Who Should Read This?
Have you ever been handed a piece of code or software with a dependency tree that resembles a messy circuit board:
Dependency management in a nutshell
No worries, I'm sure the developer was kind enough to give you an installation script to get you up and running. So you run their script, and the next thing you know your shell is a massacre of error logs. *“Well it worked on my machine”, *is what the developer will normally retort when you ask for help.
Docker solves this issue by making Dockerized applications *almost *trivially portable. This article will show you how to quickly Dockerize your Python applications so that you can easily share them with anyone who has Docker.
In particular, we will be focused on scripts that are intended to be run as a background process, which is a similar theme to the last article I wrote.
Github and Docker Repo
If you are more of a visual learner, check out the Github and Docker repos where this code will be hosted.
Containerization is like placing your software in a shipping container, thus providing a standard interface for the shipping company (or another host computer) to interact with your software.
Containerizing your applications is the de-facto gold standard for portability.
Containerization (especially with docker) unlocks a host of possibilities for your fledgling software application. A properly containerized (i.e. Dockerized) application can be deployed scalably using Kubernetes or Scale Sets from
Nothing too impressive here — once again we are working with a simple script that monitors a directory (in this case /tmp since I am on Linux) for changes. Our logs will be directed to stdout, which is important if we want them to appear in the docker logs (more on that later).
main.py: A simple file monitoring application
This program will run indefinitely.
As per usual, we have a requirements.txt file with our dependencies, in this case, just one:
Creating The Dockerfile
If you read my last article, you may recall that we scripted the installation process into a Makefile — which makes it very easy to share. This time around, we will be doing something similar — but in Docker.
We don't necessarily need to get into the nitty-gritty details of the Dockerfile and how it works, there are other more expansive Docker tutorials for that.
The TLDR of the Dockerfile — we are starting from a base image that contains the full Python interpreter and its packages, then we install our dependencies (line 6), create a new minimalist image (line 9), copy our dependencies and code over to the new image (line 13–14 this is called a multistage build, and in this case, it reduces our final image size from ~1GB to 200 MB), set an environment variable (line 17) and execution command (line 20), and we are done.
Building The Image
Once our Dockerfile is taken care of, simply run the following command from your project directory: sudo docker build -t directory-monitor .
Building our image
Running The Image
Once our image is built — the magic can happen.
One of the great things about Docker is that it provides a standardized interface. So if you design your program properly, when you pass it along to somebody else — you simply need to tell them to learn how to use docker (if they don't know how to already), instead of having to teach them the peculiarities of your program.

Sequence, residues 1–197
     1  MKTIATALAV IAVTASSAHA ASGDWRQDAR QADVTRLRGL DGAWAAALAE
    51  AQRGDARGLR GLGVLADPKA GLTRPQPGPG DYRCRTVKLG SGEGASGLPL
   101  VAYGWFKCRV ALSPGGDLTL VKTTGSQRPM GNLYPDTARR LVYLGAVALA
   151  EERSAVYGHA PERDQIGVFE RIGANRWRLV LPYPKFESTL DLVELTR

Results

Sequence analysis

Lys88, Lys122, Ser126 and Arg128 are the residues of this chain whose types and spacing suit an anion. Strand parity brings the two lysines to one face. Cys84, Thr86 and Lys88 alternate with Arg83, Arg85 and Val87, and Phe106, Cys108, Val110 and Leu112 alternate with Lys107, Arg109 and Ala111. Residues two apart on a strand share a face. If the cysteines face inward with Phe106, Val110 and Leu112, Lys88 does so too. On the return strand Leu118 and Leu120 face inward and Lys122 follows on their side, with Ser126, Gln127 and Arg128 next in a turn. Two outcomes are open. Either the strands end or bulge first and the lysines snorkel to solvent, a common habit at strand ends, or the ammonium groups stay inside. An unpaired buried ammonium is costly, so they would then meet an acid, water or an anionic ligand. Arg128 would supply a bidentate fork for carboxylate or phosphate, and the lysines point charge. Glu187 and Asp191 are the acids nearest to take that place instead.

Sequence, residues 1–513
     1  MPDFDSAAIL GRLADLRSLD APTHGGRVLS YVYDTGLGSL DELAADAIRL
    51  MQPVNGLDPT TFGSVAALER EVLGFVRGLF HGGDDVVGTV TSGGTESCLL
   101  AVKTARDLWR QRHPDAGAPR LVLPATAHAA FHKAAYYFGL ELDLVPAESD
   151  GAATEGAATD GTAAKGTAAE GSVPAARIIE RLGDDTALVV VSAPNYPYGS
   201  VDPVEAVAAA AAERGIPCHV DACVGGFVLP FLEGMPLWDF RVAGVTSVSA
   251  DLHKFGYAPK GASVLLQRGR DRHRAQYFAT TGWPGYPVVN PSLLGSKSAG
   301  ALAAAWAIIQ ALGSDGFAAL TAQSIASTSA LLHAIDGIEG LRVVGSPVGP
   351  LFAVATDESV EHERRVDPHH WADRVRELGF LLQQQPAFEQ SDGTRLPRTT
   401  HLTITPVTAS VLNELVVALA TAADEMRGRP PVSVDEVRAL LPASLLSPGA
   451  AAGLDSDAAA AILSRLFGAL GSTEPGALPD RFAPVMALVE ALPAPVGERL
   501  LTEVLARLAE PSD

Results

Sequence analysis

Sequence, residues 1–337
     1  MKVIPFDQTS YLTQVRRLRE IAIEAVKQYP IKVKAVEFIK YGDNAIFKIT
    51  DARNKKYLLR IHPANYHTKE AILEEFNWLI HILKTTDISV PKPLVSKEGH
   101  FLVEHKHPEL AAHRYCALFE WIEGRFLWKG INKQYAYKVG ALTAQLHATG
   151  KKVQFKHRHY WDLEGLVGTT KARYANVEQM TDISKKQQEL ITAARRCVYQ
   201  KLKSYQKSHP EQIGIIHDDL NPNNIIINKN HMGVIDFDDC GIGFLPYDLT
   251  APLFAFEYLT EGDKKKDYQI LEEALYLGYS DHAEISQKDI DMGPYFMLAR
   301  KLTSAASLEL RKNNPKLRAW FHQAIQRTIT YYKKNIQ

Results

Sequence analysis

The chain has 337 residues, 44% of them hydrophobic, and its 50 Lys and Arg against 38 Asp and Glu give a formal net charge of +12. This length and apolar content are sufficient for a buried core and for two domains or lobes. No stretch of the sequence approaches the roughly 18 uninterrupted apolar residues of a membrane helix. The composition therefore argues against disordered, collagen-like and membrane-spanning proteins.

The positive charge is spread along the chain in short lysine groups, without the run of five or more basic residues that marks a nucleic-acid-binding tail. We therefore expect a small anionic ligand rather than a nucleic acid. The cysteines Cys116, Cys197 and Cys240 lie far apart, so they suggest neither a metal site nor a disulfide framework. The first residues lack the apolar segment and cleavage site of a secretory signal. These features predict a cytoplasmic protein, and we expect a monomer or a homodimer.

Want to see what I mean?
To run our program, the command will look something like this:
There is a lot to unpack here, so let's break it down:
-d — run our image in detached mode, instead of foreground mode
--restart=always — if our docker container fails, it will restart itself. Distaster recovery! Yay!
--e DIRECTORY='/tmp/test' — We are passing in the directory to monitor using environment variables. (We could also design our python program to read arguments, and pass the directory to monitor that way.)
-v /tmp/:/tmp/ — mount the /tmp directory to the /tmp directory in the Docker container. This is important: whatever directory we are trying to monitor MUST be visible to our processes in the docker container, and this is how we accomplish this.
directory-monitor — the name of the image to run
Once you run the image, you can check on its status using docker ps :
The output of docker ps
Docker creates crazy names for your running containers since humans aren't very good at memorizing hash values. In this case, crazy_wozniak refers to our container.
Now, since we are monitoring /tmp/test on my local machine, if I create a new file in that directory, my containers logs should reflect this:
Docker logs show that the application is running properly
And just like that, your program is now dockerized and running on your machine. Next up — shareability.
Sharing is caring. Your colleagues, friends, your future self, and the world in general, might benefit from your Dockerized program, so you should make it as easy as possible to distribute. Docker hub is the perfect solution for this.
If you don't already have an account, create one, then log in from the cli:
Logging in to Dockerhub
Next, tag and push the image that you just made to your account.
Tagging and pushing our image
The image is now in your docker hub account
Just to prove that it works, let's try to pull this image and use it in an end to end test of the work we have done so far:
End to end test of our docker image
That entire process took 30 seconds.
I hope I have convinced you of the amazing practicality of containerization. Docker is here to stay — and the sooner you embrace it as a tool the more you will benefit from its advantages.
At its core, Docker reduces friction. In this example, it was a simple Python script, but you can use this exact tutorial to produce arbitrarily complex images with dependency trees that resemble a bowl of spaghetti, and the end-user will not care, because they won't be exposed to it.